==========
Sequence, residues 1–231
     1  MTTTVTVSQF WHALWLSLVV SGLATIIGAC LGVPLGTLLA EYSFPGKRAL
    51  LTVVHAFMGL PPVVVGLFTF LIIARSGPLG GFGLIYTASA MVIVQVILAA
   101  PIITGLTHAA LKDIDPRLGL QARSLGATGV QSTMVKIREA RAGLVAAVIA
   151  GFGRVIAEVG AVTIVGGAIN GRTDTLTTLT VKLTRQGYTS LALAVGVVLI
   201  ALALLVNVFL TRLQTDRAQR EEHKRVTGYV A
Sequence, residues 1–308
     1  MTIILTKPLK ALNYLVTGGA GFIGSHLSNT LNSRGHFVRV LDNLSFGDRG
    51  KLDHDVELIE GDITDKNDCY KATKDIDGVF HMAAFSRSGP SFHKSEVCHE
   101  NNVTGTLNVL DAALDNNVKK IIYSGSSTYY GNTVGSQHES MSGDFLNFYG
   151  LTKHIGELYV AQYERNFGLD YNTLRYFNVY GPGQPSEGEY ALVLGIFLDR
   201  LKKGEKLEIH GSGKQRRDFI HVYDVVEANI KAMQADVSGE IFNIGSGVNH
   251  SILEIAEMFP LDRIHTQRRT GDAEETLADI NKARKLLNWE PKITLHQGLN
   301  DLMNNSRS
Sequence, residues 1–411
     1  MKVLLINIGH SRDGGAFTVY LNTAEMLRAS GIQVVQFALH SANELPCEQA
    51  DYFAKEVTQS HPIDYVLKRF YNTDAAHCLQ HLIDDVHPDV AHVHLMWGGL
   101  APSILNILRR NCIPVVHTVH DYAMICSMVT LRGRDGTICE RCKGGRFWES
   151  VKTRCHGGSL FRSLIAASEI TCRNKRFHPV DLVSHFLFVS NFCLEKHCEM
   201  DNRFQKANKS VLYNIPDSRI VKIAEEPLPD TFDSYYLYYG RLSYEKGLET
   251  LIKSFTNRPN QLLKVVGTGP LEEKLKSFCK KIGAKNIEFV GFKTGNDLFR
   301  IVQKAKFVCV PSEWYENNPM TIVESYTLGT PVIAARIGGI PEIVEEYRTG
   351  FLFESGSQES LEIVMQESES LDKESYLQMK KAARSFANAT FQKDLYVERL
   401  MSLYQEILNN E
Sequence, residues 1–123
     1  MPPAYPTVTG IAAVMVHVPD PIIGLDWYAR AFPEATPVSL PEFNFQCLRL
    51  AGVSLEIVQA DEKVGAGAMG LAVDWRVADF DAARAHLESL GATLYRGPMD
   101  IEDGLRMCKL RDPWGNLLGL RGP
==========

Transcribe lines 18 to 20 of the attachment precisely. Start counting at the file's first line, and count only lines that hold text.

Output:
   101  APSILNILRR NCIPVVHTVH DYAMICSMVT LRGRDGTICE RCKGGRFWES
   151  VKTRCHGGSL FRSLIAASEI TCRNKRFHPV DLVSHFLFVS NFCLEKHCEM
   201  DNRFQKANKS VLYNIPDSRI VKIAEEPLPD TFDSYYLYYG RLSYEKGLET